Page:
Watch: A Personal Ode to Going to the Cinema

As cinemas in the UK prepare to reopen, Matthew Mulcahy reflects on his formative experiences of watching films on the big screen.

Words and video

Matthew Mulcahy


The first few days of lockdown, which started for me a week before everyone else when my cinema job was put on hold, set the tone for the last four months. They were largely spent catching up with films I hadn’t seen from various directors, some of whom, such as Pedro Almodóvar, I already loved while others, like Richard Linklater, I developed a renewed interest in.

While Almodóvar’s films remain masterful, it was in the work of Linklater and Jim Jarmusch and their debut features – It’s Impossible to Learn to Plow by Reading Books and Stranger Than Paradise – that I found something more resonant. Both are not entirely successful but they each have their own clear voice and were made with substantially fewer resources than either director’s later projects. Seeing them at a time when conventional filmmaking practices are deemed potential health risks does make you feel, as restrictions are slowly being lifted, that creating new pieces of visual work isn’t completely beyond reach.

Another source of inspiration came in May when Elizabeth Sankey’s feature-length video essay Romantic Comedy was released. Comprised entirely of clips from films in the eponymous genre and largely driven by Sankey’s observational narration, it ignited something in me that I hadn’t felt from other films released online recently.

It was Sankey’s film that ultimately inspired me to create ‘This Is…’, a video tribute to some of the films and cinema-going memories that have shaped my interests over the years. I’ve even wondered if I would’ve made the video at all if it weren’t for the tremendous anxiety I feel towards the future of film exhibition at present.

And then there are the stories I hear of filmmakers diving back into their work irrespective of limitations. Bait director Mark Jenkin is currently between projects, as is Almodóvar who completed a long gestating script entitled Madres Paralelas during lockdown and is now filming an adaptation of Jean Cocteau’s The Human Voice with Tilda Swinton in the English language.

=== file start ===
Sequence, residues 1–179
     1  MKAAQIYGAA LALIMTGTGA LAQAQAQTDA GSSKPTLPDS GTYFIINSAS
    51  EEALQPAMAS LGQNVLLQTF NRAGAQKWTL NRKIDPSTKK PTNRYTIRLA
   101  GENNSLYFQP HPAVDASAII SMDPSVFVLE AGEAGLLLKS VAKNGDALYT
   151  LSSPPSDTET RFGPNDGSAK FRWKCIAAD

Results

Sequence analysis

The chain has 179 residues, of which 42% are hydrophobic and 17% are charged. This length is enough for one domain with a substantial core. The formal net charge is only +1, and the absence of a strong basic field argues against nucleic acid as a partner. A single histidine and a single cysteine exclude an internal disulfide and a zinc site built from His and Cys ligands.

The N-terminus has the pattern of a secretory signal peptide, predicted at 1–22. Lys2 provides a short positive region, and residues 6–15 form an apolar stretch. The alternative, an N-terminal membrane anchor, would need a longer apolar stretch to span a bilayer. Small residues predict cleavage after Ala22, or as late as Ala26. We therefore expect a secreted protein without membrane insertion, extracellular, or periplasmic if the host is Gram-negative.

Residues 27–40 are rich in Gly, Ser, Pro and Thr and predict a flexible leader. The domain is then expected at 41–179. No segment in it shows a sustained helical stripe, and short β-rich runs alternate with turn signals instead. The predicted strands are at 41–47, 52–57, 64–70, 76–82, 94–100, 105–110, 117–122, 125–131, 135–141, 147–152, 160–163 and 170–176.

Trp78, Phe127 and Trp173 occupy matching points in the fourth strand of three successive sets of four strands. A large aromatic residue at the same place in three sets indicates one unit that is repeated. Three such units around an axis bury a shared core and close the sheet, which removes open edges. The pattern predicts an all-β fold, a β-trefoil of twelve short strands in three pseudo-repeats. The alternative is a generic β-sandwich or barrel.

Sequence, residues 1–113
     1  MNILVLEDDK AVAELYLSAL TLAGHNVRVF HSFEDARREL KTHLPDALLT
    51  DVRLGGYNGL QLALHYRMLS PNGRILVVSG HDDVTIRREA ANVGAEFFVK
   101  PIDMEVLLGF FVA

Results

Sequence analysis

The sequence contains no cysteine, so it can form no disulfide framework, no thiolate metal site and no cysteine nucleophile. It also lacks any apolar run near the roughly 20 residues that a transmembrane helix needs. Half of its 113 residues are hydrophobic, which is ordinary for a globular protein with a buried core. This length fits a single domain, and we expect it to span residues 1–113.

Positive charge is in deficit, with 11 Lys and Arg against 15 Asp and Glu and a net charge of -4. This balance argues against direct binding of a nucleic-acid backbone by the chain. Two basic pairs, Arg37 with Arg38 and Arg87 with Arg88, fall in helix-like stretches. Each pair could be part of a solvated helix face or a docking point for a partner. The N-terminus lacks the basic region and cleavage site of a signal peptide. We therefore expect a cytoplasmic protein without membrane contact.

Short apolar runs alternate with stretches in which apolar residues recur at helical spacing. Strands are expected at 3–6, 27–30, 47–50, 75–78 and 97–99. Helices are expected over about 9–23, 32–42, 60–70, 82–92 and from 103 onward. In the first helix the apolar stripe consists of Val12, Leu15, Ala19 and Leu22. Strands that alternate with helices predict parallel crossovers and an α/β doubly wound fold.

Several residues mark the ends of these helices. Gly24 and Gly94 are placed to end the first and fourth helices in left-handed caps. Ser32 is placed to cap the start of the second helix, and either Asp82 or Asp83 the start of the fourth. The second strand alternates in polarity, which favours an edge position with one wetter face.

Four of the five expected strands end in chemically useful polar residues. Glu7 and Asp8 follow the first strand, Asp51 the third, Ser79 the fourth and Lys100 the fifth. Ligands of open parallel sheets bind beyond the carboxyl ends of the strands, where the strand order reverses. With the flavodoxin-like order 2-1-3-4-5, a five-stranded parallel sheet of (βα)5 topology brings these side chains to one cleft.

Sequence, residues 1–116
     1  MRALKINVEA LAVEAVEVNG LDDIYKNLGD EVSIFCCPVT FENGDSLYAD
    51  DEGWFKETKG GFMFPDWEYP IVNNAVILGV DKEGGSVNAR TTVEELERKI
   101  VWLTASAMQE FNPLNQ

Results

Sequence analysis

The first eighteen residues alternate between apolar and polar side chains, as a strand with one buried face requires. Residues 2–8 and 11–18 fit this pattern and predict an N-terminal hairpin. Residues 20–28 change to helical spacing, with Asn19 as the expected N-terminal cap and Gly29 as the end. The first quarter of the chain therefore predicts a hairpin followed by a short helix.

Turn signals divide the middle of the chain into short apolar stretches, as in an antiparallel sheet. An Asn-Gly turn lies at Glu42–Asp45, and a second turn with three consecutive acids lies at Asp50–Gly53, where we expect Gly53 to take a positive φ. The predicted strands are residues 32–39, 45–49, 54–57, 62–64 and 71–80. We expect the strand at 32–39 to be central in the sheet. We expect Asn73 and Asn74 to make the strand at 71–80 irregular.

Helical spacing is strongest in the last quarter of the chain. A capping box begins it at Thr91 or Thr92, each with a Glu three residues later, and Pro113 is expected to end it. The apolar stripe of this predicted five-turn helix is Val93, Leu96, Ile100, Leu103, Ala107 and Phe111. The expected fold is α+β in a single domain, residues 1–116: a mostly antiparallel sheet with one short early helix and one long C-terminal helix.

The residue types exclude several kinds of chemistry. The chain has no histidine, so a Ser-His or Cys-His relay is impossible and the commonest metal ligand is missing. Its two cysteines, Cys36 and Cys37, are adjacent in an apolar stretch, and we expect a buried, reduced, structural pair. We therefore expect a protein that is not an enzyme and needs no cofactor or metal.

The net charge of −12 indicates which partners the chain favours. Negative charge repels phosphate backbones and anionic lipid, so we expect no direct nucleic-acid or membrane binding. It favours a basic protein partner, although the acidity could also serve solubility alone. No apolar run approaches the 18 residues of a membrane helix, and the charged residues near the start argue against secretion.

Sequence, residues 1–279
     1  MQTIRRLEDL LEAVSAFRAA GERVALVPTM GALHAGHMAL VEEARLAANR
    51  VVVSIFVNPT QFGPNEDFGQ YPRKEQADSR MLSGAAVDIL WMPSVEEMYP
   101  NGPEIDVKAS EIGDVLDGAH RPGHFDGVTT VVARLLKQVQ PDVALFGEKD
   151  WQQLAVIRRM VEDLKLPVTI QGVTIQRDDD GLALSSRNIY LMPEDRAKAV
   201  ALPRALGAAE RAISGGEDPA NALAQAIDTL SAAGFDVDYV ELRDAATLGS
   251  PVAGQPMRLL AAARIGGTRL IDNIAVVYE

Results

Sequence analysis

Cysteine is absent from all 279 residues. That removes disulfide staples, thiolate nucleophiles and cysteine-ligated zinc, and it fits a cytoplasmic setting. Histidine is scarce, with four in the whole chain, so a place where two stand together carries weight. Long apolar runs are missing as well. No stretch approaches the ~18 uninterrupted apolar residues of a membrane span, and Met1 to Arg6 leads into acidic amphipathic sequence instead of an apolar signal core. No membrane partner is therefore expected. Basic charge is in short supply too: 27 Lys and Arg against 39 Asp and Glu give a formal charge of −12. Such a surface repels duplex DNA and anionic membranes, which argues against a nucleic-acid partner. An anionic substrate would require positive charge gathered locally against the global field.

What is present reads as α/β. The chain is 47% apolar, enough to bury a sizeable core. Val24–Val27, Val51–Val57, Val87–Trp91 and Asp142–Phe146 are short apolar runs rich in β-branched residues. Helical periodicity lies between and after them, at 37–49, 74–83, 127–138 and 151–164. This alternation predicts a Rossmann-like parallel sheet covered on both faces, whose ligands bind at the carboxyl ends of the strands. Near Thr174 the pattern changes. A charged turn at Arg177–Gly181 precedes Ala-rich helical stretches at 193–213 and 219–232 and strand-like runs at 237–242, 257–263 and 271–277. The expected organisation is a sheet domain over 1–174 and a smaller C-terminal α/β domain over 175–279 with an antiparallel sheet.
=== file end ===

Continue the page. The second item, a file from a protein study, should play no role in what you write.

Almodóvar even marked the occasion with a picture of himself wearing a face mask as he held a clapper board, a sentiment echoed by Kevin Smith as he shot his own short film under similar measures. As the state of the world changes on a daily basis, I look to these individuals and what they’ve accomplished for the sense of encouragement that helped me to finish ‘This Is…’ and will hopefully help me realise many more projects soon.

Published 31 Jul 2020

Suggested For You

Watch: The Movie GIFs That Keep On Giving

By Leigh Singer

In a new video essay, Leigh Singer explores a curious modern phenomenon...

My Comfort Blanket Movie: Goodfellas

By Christina Newland

Christina Newland takes solace in Martin Scorsese’s brutally violent, blackly comic mob classic.

Watch: What makes a movie line memorable?

By Luís Azevedo

Our latest video essay breaks down the rhetorical device behind some of cinema’s most iconic dialogue.

Little White Lies Logo

About Little White Lies

Little White Lies was established in 2005 as a bi-monthly print magazine committed to championing great movies and the talented people who make them. Combining cutting-edge design, illustration and journalism, we’ve been described as being “at the vanguard of the independent publishing movement.” Our reviews feature a unique tripartite ranking system that captures the different aspects of the movie-going experience. We believe in Truth & Movies.